We asked thoughtful locals why the 1970s left such a lasting imprint on Austin. We received many provocative answers, which we’ll share here first. 

Feel free to send yours to mbarnes@statesman.com

Bobby Bridger, singer-songwriter, storyteller, writer, teacher

There is an old artistic axiom that necessity forces creative spirits to seek and find a place where the cost of living is low enough for them to survive while continuing to explore the creative process. Of course the axiom’s cliche is painters living and working in cold-water garrets in low-rent warehouse districts that provide both home and studio.

Bobby Bridger

There is, however, a second, equally-important part of that old axiom. It is that eventually the exotic lifestyle that evolves from the success of the positive energy spun by creative spirits attracts the both the curious and the wealthy like the proverbial moth to the flame. Once this second part of the phenomenon occurs prices immediately rise in the heretofore inexpensive creative place, thus forcing the artists who created the energy to move on to less expensive places that can support their unconventional creative lifestyle.

  When I moved to Austin at the very beginning of the 1970s one of the first things I was told was that it was the cheapest place in America to live. This of course was music to a struggling singer/songwriter’s ears. But the second thing that immediately caught my attention about Austin was something very simple: I had never been in a town where everyone was so proud of where they lived. During my first month in town I didn’t met a single person who complained about living there; indeed, everyone I met so LOVED Austin that many even mentioned they felt “honored” that they lived there. Free-spirited Texans had indeed been relocating to Austin for generations because of the liberal environment created by the vast numbers of young liberal students at the University of Texas that were a huge percentage of the population. But the low cost of living also allowed the creative spirits to stay there and continue the exploration of creative expression. The result of this was that as the counterculture exploded throughout America Austin became a virtual green house of cultural creativity.    It would appear now that Austin is seeking balance in the old two-part axiom now that success has brought massive population growth and vast wealth into the region’s cultural equation. I sincerely hope she finds harmony in the very delicate process. I’m still proud and honored I was able to be a part of Austin culture in the 1970s.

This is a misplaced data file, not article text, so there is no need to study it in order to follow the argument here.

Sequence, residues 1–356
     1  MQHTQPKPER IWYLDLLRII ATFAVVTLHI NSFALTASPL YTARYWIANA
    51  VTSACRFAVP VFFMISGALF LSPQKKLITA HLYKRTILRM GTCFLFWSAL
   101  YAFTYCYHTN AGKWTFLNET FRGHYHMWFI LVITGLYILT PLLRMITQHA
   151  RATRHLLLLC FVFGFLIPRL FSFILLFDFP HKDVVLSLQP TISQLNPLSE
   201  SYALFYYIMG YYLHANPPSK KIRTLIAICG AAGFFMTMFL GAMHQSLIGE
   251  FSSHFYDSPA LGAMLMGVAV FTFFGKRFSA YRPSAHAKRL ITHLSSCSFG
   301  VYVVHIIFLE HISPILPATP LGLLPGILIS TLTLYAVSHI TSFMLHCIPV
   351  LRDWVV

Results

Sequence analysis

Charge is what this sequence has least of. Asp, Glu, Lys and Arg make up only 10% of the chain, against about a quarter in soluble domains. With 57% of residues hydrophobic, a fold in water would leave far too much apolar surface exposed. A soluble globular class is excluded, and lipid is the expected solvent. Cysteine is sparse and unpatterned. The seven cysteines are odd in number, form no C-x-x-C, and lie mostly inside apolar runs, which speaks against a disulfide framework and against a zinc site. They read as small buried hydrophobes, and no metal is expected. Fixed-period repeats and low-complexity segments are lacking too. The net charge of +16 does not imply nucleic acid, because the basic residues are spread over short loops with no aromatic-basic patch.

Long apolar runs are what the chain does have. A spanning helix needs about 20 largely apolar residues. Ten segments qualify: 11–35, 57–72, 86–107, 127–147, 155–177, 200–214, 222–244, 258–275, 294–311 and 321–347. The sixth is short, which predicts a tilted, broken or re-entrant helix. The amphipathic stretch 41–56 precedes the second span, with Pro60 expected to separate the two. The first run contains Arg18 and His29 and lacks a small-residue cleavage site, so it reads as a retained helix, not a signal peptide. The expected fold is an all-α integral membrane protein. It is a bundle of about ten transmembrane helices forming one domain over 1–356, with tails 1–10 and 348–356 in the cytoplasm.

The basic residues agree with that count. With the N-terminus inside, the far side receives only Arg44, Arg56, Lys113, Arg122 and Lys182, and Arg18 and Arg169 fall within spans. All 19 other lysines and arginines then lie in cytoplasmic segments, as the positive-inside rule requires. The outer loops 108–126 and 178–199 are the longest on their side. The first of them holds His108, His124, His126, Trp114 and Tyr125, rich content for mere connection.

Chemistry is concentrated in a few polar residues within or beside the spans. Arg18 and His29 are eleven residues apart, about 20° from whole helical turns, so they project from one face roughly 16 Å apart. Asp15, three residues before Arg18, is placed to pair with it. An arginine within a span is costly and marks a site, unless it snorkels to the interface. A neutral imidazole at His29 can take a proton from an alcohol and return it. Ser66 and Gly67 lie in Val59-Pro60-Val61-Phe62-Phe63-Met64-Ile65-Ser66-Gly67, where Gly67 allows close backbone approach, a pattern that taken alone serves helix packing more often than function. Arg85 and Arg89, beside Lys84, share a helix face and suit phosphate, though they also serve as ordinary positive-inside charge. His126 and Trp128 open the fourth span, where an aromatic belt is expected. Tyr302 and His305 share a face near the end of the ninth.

1970s Austin: No. 1 Elizabeth Christian 1970s Austin: No. 2 Forrest Preece 1970s Austin: No. 3 Eddie Wilson 1970s Austin: No. 4 Fred Thom 1970s Austin: No. 5 Gus Garcia 1970s Austin: No. 6 Luci Johnson 1970s Austin No. 7: Fern Santini 1970s Austin No. 8: Rick Lowerre 1970s Austin No. 9: Sherry Matthews 1970s Austin No 10: Charlie Betts 1970s Austin No. 11: Lee Cooke 1970s Austin No. 12: Dan Bullock 1970s Austin No. 13: Joe Inmon 1970s Austin No. 14: Joe Bryson 1970s Austin No. 15: Tim McClure